Mr. Reuss. Is there any objection to the insertion in the record of this statement? This proposed statement is dated October 29, 1955, and is signed by Mr. O. È. Minton, Jr., president of the Propeller Club of the United States, Port of Nashville, Tenn. It is addressed to the chairman, the Honorable Robert E. Jones, and the letter of transmittal asks its presentation to the subcommittee.

If there is no objection, Mr. Minton's statement will be made a part of the record at this point.

Mr. LIPSCOMB. No objection.

(The statement referred to is as follows:)

STATEMENT OF 0. F. MINTON, JR., PRESIDENT, PROPELLER CLUB, PORT OF

NASHVILLE, TENN. Mr. Chairman, I am 0. F. Minton, Jr. I appear before you as president of the Propeller Club of America, port of Nashville, as chairman of the river improvement committee of the Nashville Chamber of Commerce and as president of the Cumberland Storage & Warehouse Co., operator of the Nashville Municipal River Terminal.

My interests are threefold: First, to actively support the full development of our water resources to provide the maximum benefits for this and future generations; secondly, to assure that Nashville and the entire metropolitan area receive the advantages of flood protection, adequate water supply, hydroelectric power benefits, recreational opportunities, and the economic stimulus always accompanying these improvements, and, thirdly, perhaps a selfish, but probably the most pressing one, to work for the essential project development now required to sustain the growing navigational use of the Cumberland River, an important segment of America's waterways system.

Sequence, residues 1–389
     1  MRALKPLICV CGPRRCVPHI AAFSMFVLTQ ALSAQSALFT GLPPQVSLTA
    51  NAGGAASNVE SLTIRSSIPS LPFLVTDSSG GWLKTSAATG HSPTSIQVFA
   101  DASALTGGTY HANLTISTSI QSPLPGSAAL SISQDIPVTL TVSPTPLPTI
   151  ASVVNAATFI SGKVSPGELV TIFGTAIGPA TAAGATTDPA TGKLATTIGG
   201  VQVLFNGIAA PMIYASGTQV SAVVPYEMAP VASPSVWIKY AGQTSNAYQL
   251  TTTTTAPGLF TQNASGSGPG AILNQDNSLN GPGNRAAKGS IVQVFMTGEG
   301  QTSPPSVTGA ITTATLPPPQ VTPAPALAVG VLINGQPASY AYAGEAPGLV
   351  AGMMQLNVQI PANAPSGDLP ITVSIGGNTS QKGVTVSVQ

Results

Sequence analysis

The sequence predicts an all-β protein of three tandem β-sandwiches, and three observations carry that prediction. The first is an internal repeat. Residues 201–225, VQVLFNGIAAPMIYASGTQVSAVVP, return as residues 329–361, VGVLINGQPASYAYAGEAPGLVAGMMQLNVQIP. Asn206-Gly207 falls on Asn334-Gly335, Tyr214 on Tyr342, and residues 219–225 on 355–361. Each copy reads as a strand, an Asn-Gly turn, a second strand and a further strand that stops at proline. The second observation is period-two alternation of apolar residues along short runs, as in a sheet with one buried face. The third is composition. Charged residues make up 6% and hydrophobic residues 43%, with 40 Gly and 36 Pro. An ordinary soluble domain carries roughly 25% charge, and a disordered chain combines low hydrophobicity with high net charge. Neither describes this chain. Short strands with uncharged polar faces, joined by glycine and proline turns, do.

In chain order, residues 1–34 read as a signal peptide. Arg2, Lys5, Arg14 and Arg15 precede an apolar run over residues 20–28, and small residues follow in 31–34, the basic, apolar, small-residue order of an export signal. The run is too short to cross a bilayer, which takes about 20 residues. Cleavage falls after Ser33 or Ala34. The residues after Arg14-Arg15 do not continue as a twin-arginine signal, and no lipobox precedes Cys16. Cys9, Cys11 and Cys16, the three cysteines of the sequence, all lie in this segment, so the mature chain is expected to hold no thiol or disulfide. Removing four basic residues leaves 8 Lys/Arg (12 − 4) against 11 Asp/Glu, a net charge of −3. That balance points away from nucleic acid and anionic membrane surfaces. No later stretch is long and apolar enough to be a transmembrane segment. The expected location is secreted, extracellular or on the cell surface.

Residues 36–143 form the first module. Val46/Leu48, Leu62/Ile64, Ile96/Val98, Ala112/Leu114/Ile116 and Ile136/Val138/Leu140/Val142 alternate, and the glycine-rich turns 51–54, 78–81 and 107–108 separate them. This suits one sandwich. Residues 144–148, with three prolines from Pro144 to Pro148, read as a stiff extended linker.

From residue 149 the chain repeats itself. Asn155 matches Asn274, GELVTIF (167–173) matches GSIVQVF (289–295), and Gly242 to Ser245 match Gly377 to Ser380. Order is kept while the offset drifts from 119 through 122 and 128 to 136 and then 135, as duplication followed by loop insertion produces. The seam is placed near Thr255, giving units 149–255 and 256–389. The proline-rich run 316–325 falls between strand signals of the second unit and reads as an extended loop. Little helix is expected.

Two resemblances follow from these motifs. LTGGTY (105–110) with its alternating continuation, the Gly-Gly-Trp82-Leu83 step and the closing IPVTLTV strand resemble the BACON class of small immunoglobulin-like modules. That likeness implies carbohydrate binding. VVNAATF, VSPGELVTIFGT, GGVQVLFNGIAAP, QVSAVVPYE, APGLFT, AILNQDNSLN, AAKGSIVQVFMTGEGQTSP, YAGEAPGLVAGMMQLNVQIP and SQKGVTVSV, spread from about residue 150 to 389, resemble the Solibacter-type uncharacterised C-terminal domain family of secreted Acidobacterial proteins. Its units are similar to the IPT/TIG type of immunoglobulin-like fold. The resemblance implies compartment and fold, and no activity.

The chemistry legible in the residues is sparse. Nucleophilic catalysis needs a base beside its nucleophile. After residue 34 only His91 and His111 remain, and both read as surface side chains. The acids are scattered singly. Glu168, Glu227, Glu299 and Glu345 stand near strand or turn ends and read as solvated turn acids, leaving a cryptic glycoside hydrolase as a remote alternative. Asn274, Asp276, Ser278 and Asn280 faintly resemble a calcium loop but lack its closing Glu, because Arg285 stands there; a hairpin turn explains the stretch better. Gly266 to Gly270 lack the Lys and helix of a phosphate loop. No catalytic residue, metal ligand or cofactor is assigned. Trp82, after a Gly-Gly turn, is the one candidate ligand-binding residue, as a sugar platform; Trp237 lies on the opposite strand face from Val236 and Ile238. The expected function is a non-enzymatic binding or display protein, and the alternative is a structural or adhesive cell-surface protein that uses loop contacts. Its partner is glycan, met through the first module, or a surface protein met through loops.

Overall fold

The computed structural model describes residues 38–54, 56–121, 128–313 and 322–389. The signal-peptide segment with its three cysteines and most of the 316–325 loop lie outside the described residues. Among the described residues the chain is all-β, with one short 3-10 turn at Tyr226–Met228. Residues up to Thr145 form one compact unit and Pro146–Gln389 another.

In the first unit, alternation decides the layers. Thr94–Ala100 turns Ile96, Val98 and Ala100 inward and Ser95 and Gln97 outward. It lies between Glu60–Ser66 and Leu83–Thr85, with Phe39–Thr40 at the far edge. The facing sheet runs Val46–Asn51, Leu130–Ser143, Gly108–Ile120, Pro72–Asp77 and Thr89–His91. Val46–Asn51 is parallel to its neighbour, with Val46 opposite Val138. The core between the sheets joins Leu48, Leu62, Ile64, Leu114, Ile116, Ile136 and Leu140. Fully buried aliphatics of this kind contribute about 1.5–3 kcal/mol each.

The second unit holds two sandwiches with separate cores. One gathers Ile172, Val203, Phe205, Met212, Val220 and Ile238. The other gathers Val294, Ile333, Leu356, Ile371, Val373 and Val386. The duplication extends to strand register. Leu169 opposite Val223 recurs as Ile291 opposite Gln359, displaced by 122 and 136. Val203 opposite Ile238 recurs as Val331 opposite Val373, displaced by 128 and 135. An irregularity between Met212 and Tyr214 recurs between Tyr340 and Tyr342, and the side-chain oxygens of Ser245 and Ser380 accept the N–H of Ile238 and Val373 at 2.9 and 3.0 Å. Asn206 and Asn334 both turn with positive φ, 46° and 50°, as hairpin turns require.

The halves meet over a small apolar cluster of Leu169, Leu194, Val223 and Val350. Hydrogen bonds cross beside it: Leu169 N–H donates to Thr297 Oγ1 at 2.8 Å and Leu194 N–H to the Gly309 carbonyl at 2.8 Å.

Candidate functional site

As president of the Propeller Club of Nashville, I speak for some 100 members. In the capacity of a river warehouseman, I believe I speak for the hundreds of thousands of persons of this as well as other areas who directly or indirectly benefit from the economic advantages of water transportation. And in attempting to analyze the recipients of these benefits, it is extremely difficult to find any person who does not in some way share these advantages. Our industrial and domestic economy is based on steel products, a substantial portion of which is transported by water. Over 95 percent of middle Tennessee's petroleum products arrive by barge. Sugar, salt, and grain, other basic commodities, as well as molasses, feed for the dairy and beef producers, are delivered by water thereby allowing substantial transportation advantages to the consumer. Who then can determine the limits of benefits enjoyed from commercial navigation.